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1977197819791980198119821983198419851986198719881989

POST OFFICE IN NEW HOME SINCE 1933
May 6, 1982


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PIX #1 - Fostoria's present post office, now nearly 50 years old, had addition added on west side in recent years, and other alterations and improvements.

PIX #2 - Mail trucks used by the Fostoria Post Office of earlier days, parking in front of the Reo Garage on West Tiffin Street, where Gillig Electric is today. At that time the post office was located where the VFW is now. The men in the photo were identified by Bernice Cochie, supplier of the photo as Watson Priddy, left and Dewey Schultz.

AUTHOR'S NOTE: Today's article is the second nd last of a series which started last week pertaining to the history of the postal service in Fostoria.

In 1933 Fostoria got a permanent federal post office building on West Center Street, its present location. Efforts to get the building started when Herbert Hoover was president and Walter F. Brown was postmaster general. Fred M. Hopkins was postmaster and worked hard to get the new building.

Approval for the new $160,000 post office was given in February 1931, work started in September 1932, the cornerstone laid in March 1932, and completion and dedication of the building were Sept. 22, 1933.

Many Fostorians will recall the dedication ceremonies, presided over by George R. Cameron, mayor. There was music by the Fostoria High School band and Civic Melody Chrous, and a parade through the business district. Rev. C.E. Clessler of Hope Lutheran Church gave the invocation. Postmaster Hopkins spoke briefly, and the Rev. R.V. O'Connor from St. Wendelin gave the benediction.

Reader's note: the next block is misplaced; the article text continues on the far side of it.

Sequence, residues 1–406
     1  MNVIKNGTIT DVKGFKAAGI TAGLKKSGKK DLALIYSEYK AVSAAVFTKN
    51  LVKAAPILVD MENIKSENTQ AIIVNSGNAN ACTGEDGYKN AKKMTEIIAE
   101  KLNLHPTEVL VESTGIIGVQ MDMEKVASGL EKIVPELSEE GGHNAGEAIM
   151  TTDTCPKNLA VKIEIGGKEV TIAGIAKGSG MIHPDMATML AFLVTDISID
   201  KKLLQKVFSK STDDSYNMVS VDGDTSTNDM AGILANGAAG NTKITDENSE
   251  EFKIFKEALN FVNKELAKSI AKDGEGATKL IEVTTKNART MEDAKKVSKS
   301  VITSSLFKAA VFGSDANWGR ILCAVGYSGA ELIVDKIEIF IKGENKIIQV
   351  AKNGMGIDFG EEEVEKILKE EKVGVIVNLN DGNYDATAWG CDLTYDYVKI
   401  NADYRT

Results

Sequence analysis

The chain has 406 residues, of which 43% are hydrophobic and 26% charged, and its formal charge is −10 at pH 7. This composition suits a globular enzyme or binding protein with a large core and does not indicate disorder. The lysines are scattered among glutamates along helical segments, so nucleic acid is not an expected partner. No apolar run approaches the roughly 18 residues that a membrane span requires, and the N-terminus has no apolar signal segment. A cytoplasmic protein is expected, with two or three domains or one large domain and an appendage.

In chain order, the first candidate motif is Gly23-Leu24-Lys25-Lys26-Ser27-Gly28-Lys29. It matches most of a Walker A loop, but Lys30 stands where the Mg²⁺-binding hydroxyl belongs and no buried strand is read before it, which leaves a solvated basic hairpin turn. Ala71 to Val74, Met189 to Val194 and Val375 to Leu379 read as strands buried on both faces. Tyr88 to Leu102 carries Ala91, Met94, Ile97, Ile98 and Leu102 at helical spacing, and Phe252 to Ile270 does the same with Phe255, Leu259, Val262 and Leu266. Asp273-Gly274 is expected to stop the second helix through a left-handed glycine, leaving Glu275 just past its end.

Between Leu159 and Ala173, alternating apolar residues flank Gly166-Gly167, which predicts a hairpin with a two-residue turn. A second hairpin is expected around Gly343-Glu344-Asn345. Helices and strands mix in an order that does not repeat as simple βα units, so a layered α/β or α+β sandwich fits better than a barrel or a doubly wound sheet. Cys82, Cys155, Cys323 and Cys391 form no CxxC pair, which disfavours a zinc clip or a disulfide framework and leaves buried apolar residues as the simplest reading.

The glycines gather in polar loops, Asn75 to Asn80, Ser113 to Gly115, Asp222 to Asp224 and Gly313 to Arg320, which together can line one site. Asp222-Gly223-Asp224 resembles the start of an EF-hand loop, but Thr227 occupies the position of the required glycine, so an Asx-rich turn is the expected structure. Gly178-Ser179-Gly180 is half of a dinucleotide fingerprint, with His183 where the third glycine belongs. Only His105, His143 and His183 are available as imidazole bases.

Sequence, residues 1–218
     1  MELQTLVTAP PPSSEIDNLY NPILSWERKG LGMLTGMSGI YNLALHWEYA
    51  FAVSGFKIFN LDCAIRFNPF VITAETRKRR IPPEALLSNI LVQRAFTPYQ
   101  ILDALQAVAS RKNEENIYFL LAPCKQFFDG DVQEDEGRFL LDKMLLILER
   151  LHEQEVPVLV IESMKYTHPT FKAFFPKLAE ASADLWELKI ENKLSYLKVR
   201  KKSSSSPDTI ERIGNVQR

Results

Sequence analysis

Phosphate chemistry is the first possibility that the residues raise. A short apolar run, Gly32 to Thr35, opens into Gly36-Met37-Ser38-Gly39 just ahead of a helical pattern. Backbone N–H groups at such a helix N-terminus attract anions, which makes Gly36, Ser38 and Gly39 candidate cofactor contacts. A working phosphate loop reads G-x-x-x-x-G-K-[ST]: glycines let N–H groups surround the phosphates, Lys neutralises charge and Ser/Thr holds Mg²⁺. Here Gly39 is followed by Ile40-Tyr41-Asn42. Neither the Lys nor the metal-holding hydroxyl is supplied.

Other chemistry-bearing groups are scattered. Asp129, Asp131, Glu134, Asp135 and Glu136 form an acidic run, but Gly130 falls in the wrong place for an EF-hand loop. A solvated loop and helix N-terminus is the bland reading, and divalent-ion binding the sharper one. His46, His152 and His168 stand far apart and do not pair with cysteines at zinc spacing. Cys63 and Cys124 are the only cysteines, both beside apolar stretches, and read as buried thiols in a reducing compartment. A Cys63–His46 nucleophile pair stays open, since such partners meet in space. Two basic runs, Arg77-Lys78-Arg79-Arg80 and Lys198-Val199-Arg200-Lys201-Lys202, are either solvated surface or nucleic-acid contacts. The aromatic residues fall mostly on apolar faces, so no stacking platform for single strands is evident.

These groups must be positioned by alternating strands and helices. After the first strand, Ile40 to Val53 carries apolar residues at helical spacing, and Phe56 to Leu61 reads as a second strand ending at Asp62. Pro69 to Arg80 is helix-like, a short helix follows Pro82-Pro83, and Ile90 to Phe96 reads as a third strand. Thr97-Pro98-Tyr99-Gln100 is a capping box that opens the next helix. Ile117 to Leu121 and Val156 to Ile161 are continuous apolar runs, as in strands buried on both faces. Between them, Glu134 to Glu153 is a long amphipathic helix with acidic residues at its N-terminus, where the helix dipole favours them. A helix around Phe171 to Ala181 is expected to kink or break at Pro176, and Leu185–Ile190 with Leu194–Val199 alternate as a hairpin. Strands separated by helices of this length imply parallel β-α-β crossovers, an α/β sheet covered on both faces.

The site of the new post office required demolition of buildings which had stood at that location for many years, being used for manufacturing purposes, including Allen Motor Co., Fostoria Machine & Tool Co. and Atlas Mfg. Co., makers of safes. Part of the building was also used for church revivals at one period of time.

Postmaster Combs remarked about changes during his time with the Fostoria Post Office. Many years ago the mail carriers reached and covered their routes entirely on foot, and there were two deliveries each day. There was less mail then, and routes were smaller. Also, there were not the new residential areas on the outskirts of town.

Today, there are 12 regular carriers and two backups. Ten of those carriers are equipped with vehicles to transport them and the mail to each respective route. They make one mail delivery per day.

In Fostoria there are 7,364 separate addresses where mail is delivered. 500 being business addresses. Combs said it takes an average of .8 minutes for the delivery of mail to each home or business. He also said the short delivery time for each address ranks high with the national average.

All applicants who think they would like to carry mail may not qualify. It takes a particular person to suit the job, and it has nothing to do with IQ, size, build, or love of the outdoors, said Combs. One of the qualifying "musts" is a good memory. Each carrier sorts the mail for his route before he leaves the post office, arranging it by streets and addresses, to facilitate delivery.